Sweet Saraya – The Blog » A mum with a camera, keeping her loved ones in the frame.

Photo a Day – February 15, 2012

I am really angry today. In fact, I’m livid.

When I went to pick the kids up this afternoon, I went to Charlyse’s classroom first. She seemed quite agitated. She told me that some older boys (Year 5) had hurt James today. When I asked her to elaborate, she said that one of the boys pushed James into a wall, tackled him to the ground, and stepped on his finger. I took Charlyse’s hand and walked quickly to James’s classroom, expecting the teacher to give me some details of the incident.

I arrived at his classroom and James came outside. I went in to see his teacher and asked James to come with me, which he did. When I asked her what had happened in the playground at lunchtime, she seemed rather blasé about it and couldn’t tell me much. I was informed that the vice principal was the person who had handled the matter, and that it had all “been dealt with”.

Now, I am not the type of mum who assumes her son is innocent in an incident. In fact, often that is not the case at all. James does have a bit of trouble controlling his temper, and he does tend to lash out at others who are in his way (thanks to a number of factors). It’s something we are always keeping an eye on when he’s around us. So, in this instant, I was concerned that James had been the instigator. The Vice Principal informed this was not the case.

It turns out that James and his friends were sitting in the Year 2 lunch area when a group of Year 5 boys came along. James, being Mr Know-It-All, informed the boys that they weren’t supposed to be in that area. And that’s why the older boys turned on him.

I wish I knew exactly what happened, but James doesn’t want to talk about it. He won’t give me any information on who the boys were or what they did to him. I think he is worried about the consequences, or perhaps he wants to fit in so desperately that he doesn’t want to cause waves. I do know that his finger was sore and bleeding from where one of the boys stepped on it. The only information I do have is via a third party – Charlyse. And the details are sketchy.

I wanted to go to the office and have it out with the VP. In fact, Julian was so mad that he wanted to wring someone’s neck. Preferably the Year 5 boys who did this to him. But we know that’s not possible, it’s just not allowed (unfortunately). James won’t talk about it, so we have nothing really to go on. And so, these boys will get away with it.

It makes me mad that we have to go through the school to get issues like this dealt with. Often the school’s hands are tied and they can’t do much. If I was allowed, I’d find the boy and I’d rip into him. I’d let him know how it feels to be bullied, and physically assaulted. Regardless of his size. There are some people out there who believe bullying is character-building. Character-building, my arse! No child should have to go to school and be scared of another child. School is supposed to be safe, secure, a place of learning and respect. But in reality, school can be absolutely terrifying.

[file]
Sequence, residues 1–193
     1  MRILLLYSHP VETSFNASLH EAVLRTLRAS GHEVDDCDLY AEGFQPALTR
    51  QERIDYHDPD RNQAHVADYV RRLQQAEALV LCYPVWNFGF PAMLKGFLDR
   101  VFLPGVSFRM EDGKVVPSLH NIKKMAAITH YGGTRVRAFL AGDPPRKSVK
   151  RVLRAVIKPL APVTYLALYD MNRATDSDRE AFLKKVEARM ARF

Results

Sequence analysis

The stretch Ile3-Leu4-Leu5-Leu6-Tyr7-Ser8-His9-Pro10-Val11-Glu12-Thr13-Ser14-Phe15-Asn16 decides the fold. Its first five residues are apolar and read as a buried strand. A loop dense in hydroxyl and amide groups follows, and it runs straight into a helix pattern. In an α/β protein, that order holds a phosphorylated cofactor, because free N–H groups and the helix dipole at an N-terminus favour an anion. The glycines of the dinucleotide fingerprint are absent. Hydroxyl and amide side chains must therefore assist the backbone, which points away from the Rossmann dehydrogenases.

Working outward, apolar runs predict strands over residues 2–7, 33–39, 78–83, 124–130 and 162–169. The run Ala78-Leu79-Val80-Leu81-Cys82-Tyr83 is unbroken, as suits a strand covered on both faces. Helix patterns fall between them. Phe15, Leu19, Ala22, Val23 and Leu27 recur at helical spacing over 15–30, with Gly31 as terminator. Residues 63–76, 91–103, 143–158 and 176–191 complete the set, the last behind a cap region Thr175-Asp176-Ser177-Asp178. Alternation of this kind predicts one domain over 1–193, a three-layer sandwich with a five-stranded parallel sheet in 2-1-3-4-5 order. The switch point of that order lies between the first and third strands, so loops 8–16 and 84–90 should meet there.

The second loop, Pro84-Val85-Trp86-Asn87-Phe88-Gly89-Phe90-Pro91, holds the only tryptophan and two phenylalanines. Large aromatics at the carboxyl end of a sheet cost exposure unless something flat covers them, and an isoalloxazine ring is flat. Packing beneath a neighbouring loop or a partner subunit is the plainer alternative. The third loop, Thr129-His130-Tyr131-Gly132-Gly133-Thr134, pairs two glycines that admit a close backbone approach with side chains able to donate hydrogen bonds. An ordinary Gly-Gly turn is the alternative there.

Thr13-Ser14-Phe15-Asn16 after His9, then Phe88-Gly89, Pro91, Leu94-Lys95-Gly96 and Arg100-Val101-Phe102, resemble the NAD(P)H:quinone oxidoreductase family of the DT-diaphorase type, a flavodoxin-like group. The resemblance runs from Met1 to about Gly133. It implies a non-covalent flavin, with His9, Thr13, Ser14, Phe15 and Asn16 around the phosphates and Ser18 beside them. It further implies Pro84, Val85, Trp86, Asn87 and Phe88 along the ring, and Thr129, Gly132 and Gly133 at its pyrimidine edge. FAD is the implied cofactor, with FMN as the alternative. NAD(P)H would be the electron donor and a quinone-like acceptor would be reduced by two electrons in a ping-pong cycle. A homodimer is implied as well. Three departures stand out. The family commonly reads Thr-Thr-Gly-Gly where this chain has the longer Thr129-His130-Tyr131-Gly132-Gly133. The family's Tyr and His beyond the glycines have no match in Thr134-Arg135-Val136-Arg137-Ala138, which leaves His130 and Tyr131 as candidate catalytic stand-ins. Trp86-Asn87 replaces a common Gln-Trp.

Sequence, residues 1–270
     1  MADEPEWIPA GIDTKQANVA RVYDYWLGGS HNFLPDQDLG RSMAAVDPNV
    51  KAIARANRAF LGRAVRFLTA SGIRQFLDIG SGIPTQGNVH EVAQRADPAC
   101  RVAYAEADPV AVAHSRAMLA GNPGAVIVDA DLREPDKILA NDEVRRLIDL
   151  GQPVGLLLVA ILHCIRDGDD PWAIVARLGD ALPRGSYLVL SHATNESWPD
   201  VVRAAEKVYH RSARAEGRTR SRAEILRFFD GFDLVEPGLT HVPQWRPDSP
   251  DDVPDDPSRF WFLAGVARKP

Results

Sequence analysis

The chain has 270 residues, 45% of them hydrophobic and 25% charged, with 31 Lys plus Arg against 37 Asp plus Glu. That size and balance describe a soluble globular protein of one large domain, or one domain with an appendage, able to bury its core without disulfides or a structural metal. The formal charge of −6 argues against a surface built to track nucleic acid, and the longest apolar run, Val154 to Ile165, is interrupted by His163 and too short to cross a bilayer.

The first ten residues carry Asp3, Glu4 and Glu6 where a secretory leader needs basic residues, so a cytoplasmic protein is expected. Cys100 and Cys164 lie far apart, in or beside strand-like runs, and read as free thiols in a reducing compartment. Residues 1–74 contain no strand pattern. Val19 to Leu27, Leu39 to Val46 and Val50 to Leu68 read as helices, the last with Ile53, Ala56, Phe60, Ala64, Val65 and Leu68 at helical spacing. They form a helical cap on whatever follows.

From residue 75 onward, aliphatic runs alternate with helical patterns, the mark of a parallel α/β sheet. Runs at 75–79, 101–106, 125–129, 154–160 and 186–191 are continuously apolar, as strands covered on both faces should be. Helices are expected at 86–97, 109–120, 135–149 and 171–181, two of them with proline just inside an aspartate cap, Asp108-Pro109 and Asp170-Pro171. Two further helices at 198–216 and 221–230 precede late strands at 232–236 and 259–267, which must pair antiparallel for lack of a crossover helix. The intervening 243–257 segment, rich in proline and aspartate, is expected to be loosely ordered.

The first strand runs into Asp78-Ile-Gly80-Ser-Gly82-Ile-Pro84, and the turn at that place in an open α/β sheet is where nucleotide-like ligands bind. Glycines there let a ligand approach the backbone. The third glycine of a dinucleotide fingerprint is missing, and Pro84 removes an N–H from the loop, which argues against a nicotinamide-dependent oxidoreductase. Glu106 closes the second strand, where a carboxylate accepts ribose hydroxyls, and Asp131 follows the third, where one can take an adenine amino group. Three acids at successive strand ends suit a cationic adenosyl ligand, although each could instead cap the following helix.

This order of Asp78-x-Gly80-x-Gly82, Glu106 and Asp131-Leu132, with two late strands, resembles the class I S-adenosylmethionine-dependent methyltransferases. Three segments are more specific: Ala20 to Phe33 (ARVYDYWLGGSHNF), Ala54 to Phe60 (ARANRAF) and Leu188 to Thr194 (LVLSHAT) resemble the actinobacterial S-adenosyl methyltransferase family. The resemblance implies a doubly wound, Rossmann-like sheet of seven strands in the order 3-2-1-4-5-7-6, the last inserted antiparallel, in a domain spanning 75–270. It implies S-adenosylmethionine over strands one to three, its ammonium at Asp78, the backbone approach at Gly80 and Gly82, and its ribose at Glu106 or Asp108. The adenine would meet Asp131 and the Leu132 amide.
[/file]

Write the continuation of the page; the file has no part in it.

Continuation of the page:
In the case of James, he is already dealing with enough, without having to put up with bullying, or name calling, or kids sniggering at him because he’s in a special needs buggy. School should be a place where he can be with friends, and have some fun, and learn about the world. It’s a place where he should feel nurtured and safe. But I’m not sure it is.

I think most people don’t understand the seriousness of a potential injury to James. If he hurts his leg, if he breaks it, he may never walk again. Ever. And once he stops walking, the disease takes hold pretty fast. Which is why we basically wrap him in cotton wool and make him take so many drugs and supplements. I know most kids break a bone or two at some stage in their life. But the thought of James breaking a bone terrifies me. And this is why I worry so much about him being attacked by other kids. Because they don’t understand the seriousness of their actions. They pick on him because he’s different, because he’s in a buggy. But he’s just a little boy, and he’s just trying to live the life he’s been given. And get as far along in his life as he can, before he can’t go on anymore.

As a parent, we desperately want to protect our kids, many of us prefer to shelter them from the real world. I am one of those parents. James’s life will be short and severely compromised, so I’d rather he see the world as a beautiful place, full of kind and caring people who show respect and acceptance. And so if I see any child try to hurt him, try to take that away from him, then the Dragon Mum in me will awaken and will take them on.

And they won’t know what hit them.

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